the Grangers. Meanwhile, the Executive Committee was busy in another direction. Congressman Aiken of South Carolina, one of its members, says that they "visited the manufacturers who supplied the market with such implements as the farmers needed, from a scooter-plow to a parlor-organ, proposing to concentrate the purchases of the order where the greatest discounts were obtained for cash. In no instance did they fail to secure a reduction of twenty-five to fifty per cent." Mr. Aiken notes the astonishment of one cutlery-maker at a single order for ten thousand pruning-knives of a particular pattern. Such enormous reductions from regular prices were obtained only under a pledge of secrecy. But as information had to be distributed by thousands of printed sheets, the Patrons could not keep the secret. The contracts leaked out, causing the withdrawal of many firms from their agreements. What experiments the National Grange might have tried with the great sums in its treasury can only be conjectured, as its resources and influence over the subordinate lodges were crippled almost fatally in the Charleston meeting in 1875. It probably would have continued the crop reports, which, though costly, and often unreliable through the ignorance and carelessness of Granges about furnishing statistics, had proved valuable. Like the State Granges, which had full treasuries, it might have squandered its capital and come to grief on co-operative ventures. Such is the inference to be drawn from utterances like the following, from the Executive Committee: "To secure rights to manufacture leading implements. . . is pre-eminently a duty of the National Grange, and a measure of the greatest importance, directly, because the profits of manufacture will thus be controlled by the Order, as well as the profits of transfer or dealing; indirectly, by securing facilities that will favor the introduction of manufacturing establishments in districts at present far removed from them, and where their products are in demand." The plan of having the farmer's machinery manufactured at his door and under his supervision was much better as a statement of protectionist doctrine than as a guide to safe investment. The policy of the meeting of 1875 indicated that, before it was too late, the National Grange recognized that there was danger of going too fast, and that its province was rather to devise plans for the use of the order than to plunge into enterprises itself. It therefore sounded a note of caution, and first issuing a scheme for co-operative joint-stock stores based on something found in this country, proceeded to work out a more elaborate system on the model of the Rochdale Pioneers. Various English publications on co-operation were distributed among the order, and an envoy was sent to England to confer with English co-operators. The result was a new set of rules, closely following the Rochdale plan, and insisting on the feature of investing the profits of trade for the stockholders on the basis of purchases, as opposed to the simple joint-stock arrangement of the earlier scheme, which had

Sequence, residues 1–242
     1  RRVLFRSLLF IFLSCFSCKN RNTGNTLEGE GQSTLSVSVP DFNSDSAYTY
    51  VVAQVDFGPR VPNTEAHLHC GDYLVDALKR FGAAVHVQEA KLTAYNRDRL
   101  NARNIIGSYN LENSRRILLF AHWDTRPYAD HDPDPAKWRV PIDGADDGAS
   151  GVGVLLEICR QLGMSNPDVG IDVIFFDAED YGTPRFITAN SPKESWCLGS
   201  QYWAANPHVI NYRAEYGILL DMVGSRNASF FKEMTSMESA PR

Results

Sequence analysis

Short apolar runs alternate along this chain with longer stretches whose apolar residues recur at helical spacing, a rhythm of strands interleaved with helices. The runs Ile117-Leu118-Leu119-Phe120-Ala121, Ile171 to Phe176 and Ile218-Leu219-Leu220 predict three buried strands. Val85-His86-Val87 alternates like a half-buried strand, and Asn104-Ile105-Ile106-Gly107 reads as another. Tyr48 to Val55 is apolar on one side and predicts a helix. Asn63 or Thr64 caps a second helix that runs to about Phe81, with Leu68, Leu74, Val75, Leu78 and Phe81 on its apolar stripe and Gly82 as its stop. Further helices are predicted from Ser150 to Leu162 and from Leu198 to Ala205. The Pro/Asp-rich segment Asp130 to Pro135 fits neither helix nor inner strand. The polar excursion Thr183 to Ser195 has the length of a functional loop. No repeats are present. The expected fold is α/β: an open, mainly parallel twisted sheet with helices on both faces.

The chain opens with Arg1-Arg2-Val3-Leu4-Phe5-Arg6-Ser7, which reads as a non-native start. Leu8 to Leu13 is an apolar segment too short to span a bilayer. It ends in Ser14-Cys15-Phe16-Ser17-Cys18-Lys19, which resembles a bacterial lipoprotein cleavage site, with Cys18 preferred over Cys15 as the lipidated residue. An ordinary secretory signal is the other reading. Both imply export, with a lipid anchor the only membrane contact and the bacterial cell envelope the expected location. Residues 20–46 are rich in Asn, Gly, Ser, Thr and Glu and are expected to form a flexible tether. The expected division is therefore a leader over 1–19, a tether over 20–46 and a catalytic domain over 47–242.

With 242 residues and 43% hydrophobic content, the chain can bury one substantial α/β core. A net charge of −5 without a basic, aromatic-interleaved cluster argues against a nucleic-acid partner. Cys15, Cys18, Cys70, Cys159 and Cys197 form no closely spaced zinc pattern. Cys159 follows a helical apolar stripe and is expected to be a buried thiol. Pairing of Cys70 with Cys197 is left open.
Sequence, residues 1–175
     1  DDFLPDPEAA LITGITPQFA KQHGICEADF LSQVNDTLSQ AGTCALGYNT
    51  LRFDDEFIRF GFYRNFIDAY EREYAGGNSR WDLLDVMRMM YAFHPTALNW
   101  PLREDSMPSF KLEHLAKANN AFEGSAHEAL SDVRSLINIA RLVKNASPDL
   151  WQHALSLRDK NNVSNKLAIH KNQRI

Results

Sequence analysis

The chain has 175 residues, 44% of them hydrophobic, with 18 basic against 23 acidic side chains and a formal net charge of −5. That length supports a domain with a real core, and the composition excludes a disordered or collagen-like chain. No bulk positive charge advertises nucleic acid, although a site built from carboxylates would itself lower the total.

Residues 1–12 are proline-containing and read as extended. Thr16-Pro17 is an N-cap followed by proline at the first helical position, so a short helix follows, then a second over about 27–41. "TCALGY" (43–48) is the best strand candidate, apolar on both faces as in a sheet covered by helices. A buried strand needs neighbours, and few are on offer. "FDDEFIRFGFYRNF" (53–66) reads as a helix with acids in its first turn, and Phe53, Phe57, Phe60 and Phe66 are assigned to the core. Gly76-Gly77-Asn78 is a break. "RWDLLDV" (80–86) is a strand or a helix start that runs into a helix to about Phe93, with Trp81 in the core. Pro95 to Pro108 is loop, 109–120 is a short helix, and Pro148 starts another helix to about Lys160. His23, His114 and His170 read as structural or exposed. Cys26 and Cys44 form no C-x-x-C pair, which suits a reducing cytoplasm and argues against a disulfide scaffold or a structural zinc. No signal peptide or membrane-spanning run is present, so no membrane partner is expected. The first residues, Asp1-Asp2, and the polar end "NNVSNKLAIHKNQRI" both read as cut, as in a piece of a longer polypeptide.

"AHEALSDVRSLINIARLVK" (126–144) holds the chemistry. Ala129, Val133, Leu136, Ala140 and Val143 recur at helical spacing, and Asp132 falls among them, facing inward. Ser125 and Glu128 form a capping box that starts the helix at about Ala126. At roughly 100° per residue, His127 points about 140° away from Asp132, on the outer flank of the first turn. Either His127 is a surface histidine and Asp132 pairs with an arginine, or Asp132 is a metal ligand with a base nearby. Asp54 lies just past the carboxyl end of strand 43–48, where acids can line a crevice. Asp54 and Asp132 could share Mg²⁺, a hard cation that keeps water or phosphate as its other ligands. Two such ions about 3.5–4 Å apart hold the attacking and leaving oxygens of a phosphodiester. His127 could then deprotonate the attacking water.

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THE OUTCOME OF THE GRANGER MOVEMENT.